News » Editor's Note

Where we should be

Even in successful seasons in Division I, only several hundred fans, on average, attended baseball and basketball games. That kind of attendance cannot sustain a Division I program


We appreciate the opportunity to respond to the recent editorial about UNO athletics ("Keep UNO in Division I, Commentary, Sept. 6).

  First, let us state that, yes, the University of New Orleans would prefer to have remained Division I and avoided the financial circumstances we find ourselves in. But the reality is that, just like many American families right now, we can't afford the most expensive model on the market. Fortunately, there is an alternative that is not only affordable but will allow us to succeed.

  While it is heartening to see such prominent people concerned with the future of UNO athletics, it's unfortunate that the figures referenced in the editorial are factually incorrect. The idea that it would only cost only an additional $100,000 to remain Division I is simply wrong.

  From 2006 to 2009, the university gave direct subsidized support to athletics in an amount exceeding $1 million per year. Under the previous athletic director, the athletic department ran a deficit averaging nearly $1.5 million per year on top of the annual subsidy — even as UNO had five fewer sports than the minimum number required by the NCAA.

  The current accumulated debt the athletic department must still pay off is $5.5 million. Between the university subsidy and the debt, that is an annual gap of more than $2.5 million. It is also important to note that even as the department overspent, the UNO athletics budget was still in the lowest quarter of nonfootball Division I schools in the nation. Clearly this was unsustainable.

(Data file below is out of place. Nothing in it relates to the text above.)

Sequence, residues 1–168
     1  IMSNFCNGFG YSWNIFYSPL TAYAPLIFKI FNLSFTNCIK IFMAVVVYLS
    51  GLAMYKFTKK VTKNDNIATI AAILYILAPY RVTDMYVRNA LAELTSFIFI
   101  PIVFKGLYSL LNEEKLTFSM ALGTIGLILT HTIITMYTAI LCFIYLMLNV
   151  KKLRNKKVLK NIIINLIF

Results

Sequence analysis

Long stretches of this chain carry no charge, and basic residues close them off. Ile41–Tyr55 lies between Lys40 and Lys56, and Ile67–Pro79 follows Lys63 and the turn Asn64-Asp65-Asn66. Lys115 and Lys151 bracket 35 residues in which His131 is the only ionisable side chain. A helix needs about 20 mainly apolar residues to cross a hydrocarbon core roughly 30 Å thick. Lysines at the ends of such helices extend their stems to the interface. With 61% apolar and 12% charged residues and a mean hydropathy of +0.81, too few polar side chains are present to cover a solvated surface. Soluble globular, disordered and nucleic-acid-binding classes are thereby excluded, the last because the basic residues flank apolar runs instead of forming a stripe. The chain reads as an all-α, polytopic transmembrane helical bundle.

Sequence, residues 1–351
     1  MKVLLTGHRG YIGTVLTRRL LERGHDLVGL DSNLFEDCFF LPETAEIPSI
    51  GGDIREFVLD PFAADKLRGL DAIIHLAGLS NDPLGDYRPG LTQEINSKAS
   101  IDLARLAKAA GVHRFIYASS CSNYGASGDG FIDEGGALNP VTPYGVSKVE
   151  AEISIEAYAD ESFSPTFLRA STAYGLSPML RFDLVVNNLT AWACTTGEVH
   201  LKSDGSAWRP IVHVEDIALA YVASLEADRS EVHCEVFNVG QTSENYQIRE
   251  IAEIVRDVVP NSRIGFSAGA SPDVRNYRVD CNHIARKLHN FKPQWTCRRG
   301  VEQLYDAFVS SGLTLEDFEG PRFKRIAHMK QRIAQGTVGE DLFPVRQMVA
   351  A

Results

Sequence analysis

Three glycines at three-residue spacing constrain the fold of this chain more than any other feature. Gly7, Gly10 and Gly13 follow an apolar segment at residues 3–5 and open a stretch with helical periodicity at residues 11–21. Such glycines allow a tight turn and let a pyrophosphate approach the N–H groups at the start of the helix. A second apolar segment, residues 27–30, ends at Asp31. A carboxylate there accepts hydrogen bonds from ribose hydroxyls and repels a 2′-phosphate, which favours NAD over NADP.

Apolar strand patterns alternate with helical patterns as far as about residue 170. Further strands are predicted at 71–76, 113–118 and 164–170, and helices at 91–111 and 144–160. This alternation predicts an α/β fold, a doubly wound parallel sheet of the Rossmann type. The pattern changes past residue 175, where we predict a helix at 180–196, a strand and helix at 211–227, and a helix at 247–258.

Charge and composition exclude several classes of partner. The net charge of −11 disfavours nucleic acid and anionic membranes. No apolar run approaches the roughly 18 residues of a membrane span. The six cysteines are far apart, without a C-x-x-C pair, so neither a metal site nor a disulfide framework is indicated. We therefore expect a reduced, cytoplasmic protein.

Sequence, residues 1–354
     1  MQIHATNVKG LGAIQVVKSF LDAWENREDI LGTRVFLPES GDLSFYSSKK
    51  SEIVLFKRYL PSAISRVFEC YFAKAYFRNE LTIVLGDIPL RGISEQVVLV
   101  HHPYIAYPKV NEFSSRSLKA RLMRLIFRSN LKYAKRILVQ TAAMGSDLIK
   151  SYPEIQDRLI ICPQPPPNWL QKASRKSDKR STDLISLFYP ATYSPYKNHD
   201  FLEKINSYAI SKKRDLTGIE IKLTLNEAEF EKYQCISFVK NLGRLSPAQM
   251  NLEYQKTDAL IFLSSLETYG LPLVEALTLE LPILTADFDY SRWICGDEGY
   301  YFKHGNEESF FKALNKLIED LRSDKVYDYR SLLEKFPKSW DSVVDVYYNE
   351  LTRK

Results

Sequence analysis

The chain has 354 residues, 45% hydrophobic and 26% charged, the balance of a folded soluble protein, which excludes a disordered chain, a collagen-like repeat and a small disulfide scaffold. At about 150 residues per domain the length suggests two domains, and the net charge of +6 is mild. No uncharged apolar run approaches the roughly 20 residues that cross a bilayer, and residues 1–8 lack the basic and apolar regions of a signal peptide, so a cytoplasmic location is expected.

These budgets are public record and anyone can review them. It is evident that in those years, the foundation was not laid to operate a successful Division I program in a post-Katrina environment. To ignore this fact and these verifiable numbers by stating that there is only a $100,000 difference is flagrantly misleading.

  In order for UNO to have a healthy athletic program, it needs fan and community support. Even in successful seasons in Division I, only several hundred fans, on average, attended baseball and basketball games. That kind of attendance cannot sustain a Division I program.

  There has also been a lack of significant fundraising support. In spite of considerable attention brought to the plight of UNO athletics, the only major donation to materialize in recent years was from the estate of Wick Cary.

  Lastly, in the spring of 2009, UNO students voted down a proposal to increase the student athletic fee. These factors have forced us to assess this situation with a strong sense of reality.

  While the analysis mentioned in the editorial has not been shared with UNO administrators, multiple analyses have been done on this issue, including an entirely independent assessment by Collegiate Consultants in February. Each analysis has pointed to moving to Division II as key to future success.

  In the Division II Gulf South Conference, UNO athletics will be self-sustaining and no longer a financial burden to the university. Going Division II is also the way UNO will be able to add intercollegiate football, and the Division II scholarship structure will help improve the University's bottom line because more student-athletes will be paying tuition.

   With winning teams, fundraising will strengthen, attendance will grow and sports can be added. This is the path to success that the University has chosen.

  We encourage UNO supporters around the region to demonstrate your commitment to the University and its athletic program. We need your help right now, and together we can all succeed.

Joe M. King

UNO interim chancellor

Brian Glorioso

president, UNO International Alumni Association

Michael Sapera

president, Privateer Athletic Foundation

Add a comment